Daily I am saturated with messages from many sources, supposedly supporting me with solutions to all of my problems.
Sometimes, solutions are presented for problems of which I was previously unaware! Whether I like it or not, some of these messages become part of my daily processing. For better or for worse, they seek to marry thoughts and ideas into my worldview that do not compliment a Heavenward perspective. I believe that these things can creep into me so easily because I often like to believe the lie of happiness.
Yes, the lie of happiness. Let me explain. I don’t think we, as human beings, are meant to be happy. I don’t think that it is the pursuit of happiness which drives us, although that might be something that we fool ourselves into believing. It might even be easier to tell ourselves that we are seeking happiness. No, I think that we aim for something much bigger, much deeper and harder to comprehend. I think that we all pursue joy and sometimes get lost along the way without truly ever reaching our mark. While happiness is wonderful – like feeling the sunshine on your shoulders on the first day of Spring – joy is more fulfilling than that. Joy is like knowing that the sun is always shining – it has always been, is now, and will be again. You can feel the presence of the sun and whatever the weather outside, you know that it will shine through the clouds again to brighten the world, bring Spring life back into nature and warm your shoulders. It is like the difference between the pursuit of a temporary high or striving towards that place of peace, contentment, and long-lasting satisfaction.
Here I turn to Solomon, who wrote his musings about this very thing in the Ecclesiastes. “I the Preacher have been king over Israel in Jerusalem. And I applied my heart to seek and to search out by wisdom all that is done under heaven. It is an unhappy business that God has given to the children of man to be busy with. I have seen everything that is done under the sun, and behold, all is vanity and a striving after the wind” (Ecc. 1:12-14). As he continues writing, the toils of man, the search for wisdom, wealth an honor, power and pleasure, from birth until death, Solomon outlines the futility of things that people do. Yet, says Solomon, in all of this there is joy, which is found when men and women continue toiling and enjoying life while fearing the Lord and obeying his commandments. “Behold, what I have seen to be good and fitting is to eat and drink and find enjoyment in all the toil with which one toils under the sun the few days of his life that God has given him, for this is his lot. Everyone also to whom God has given wealth and possessions and power to enjoy them, and to accept his lot and rejoice in his toil – this is the gift of God. For he will not much remember the days of his life because God keeps him occupied with joy in his heart” (Ecc. 5:18-20). (I encourage you to read Ecclesiastes in its entirety in order to grasp his full meaning on this subject.)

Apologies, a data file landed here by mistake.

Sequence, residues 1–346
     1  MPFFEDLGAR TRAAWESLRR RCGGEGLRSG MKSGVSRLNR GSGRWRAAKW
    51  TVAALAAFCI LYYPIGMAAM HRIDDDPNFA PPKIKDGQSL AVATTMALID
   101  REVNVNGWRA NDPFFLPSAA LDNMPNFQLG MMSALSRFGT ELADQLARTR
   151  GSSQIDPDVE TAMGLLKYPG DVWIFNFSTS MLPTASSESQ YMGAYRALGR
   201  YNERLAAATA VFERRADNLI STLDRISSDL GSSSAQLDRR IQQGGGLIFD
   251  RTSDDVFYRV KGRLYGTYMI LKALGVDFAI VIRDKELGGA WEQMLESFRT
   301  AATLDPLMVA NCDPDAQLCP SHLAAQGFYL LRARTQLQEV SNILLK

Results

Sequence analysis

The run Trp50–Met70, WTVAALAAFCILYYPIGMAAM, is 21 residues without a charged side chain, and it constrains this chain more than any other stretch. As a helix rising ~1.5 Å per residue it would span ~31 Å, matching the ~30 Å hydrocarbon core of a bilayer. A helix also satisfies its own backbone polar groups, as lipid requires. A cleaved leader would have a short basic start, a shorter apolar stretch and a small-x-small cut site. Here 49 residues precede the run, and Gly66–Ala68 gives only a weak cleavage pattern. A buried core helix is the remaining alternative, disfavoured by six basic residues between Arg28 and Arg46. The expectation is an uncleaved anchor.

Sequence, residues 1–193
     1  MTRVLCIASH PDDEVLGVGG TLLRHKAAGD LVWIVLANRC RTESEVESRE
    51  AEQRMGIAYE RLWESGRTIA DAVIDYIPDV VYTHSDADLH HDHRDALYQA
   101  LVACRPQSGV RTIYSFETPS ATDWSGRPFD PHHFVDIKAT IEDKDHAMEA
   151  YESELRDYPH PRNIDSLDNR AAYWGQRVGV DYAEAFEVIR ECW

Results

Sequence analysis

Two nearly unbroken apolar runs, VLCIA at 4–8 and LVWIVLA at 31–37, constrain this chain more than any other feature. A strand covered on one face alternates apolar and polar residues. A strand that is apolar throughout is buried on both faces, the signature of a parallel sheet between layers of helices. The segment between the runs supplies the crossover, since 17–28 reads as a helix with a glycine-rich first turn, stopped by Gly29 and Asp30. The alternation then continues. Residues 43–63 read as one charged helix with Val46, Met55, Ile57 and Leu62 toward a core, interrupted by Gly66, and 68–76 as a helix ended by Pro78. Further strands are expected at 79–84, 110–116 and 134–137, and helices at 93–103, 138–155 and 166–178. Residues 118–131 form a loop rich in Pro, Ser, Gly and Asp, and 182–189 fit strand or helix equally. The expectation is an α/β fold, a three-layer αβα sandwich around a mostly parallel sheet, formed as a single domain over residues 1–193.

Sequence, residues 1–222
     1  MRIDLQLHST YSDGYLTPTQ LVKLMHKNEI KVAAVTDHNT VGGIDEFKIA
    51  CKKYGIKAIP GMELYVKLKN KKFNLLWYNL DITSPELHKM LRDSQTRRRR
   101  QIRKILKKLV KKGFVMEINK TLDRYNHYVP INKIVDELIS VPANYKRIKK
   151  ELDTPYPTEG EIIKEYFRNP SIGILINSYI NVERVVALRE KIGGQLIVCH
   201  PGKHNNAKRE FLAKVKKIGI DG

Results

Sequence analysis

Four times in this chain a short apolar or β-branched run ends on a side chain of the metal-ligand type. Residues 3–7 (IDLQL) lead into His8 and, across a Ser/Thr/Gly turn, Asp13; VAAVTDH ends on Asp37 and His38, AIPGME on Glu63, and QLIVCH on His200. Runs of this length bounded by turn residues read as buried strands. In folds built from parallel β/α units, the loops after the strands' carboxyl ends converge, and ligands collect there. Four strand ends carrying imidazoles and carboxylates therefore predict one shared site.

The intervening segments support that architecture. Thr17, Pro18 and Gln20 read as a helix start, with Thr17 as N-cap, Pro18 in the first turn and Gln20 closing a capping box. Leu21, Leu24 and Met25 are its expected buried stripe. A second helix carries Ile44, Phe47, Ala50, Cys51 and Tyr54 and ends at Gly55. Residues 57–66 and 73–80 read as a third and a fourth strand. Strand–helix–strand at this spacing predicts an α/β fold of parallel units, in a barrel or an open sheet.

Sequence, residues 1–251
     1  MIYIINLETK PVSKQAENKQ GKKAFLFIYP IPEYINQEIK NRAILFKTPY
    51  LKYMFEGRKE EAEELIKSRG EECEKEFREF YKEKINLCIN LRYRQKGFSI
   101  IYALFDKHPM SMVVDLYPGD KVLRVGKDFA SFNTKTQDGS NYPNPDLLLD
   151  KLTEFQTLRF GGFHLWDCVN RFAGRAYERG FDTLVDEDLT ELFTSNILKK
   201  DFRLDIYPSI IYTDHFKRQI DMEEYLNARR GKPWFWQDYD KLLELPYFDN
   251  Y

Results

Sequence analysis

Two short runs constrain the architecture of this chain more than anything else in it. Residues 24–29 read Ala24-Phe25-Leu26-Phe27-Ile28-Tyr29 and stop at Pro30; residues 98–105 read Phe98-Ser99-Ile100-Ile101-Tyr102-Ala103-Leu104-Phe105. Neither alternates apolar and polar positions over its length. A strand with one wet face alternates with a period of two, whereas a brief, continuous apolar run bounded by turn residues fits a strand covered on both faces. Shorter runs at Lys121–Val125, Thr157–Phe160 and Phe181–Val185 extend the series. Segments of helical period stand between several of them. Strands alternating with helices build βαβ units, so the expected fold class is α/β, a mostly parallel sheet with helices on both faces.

In my life, there have been many happy moments as well as moments when happiness is fleeting. Yet, the times when I feel the closest to the prize of joy, of peace and contentment, are those when I am focused on the Lord and what he has said is good. Philippians 4 helps me to keep these things in perspective. In verse 8, Paul writes “…whatever is true, whatever is honorable, whatever is just, whatever is pure, whatever is lovely, whatever is commendable, if there is any excellence, if there is anything worthy of praise, think about these things.” Every day it’s a task to keep my mind centered on these things, yet some days it seems nearly impossible. At those times, it is a relief to remember that joy – unlike fleeting happiness – is a fully attainable gift of the Holy Spirit! We are pursuing that which we can actually grasp and know because it has already been given to us! (Galatians 5:22)
As my life persists through big and small things, happy and sad times, easy strolls and rough stumbling trails, it becomes ever more clear to me that God’s plan – though quite unknown or remotely understood to me – is the one in which good will come and in which I can be filled with true joy. Although there are many differences, I liken this truth to the situation which occurs when my infant son looks to me with questioning, confused and anxious eyes as if to say, “Mama, I don’t understand. I’m scared. Why are you doing this?” And, because I know what is good for him and understand what I am doing for the good of us both, look back into his eyes, take his hand and say, “It’s a good thing.”
This life we are asked to go through is difficult. No doubt it is painful to traverse on this earth with evil working against us and sin and sickness and pitfalls and curveballs hitting us at every turn. Yet, when we are pursuing joy in the fear of the Lord, He says to us, “It’s a good thing,” and if we hold on to that, if we truly seek after the good that he has given us already, we will be filled with the fullness of joy.
“You make known to me the path of life;
in your presence there is fullness of joy;
at your right hand are pleasures forevermore.”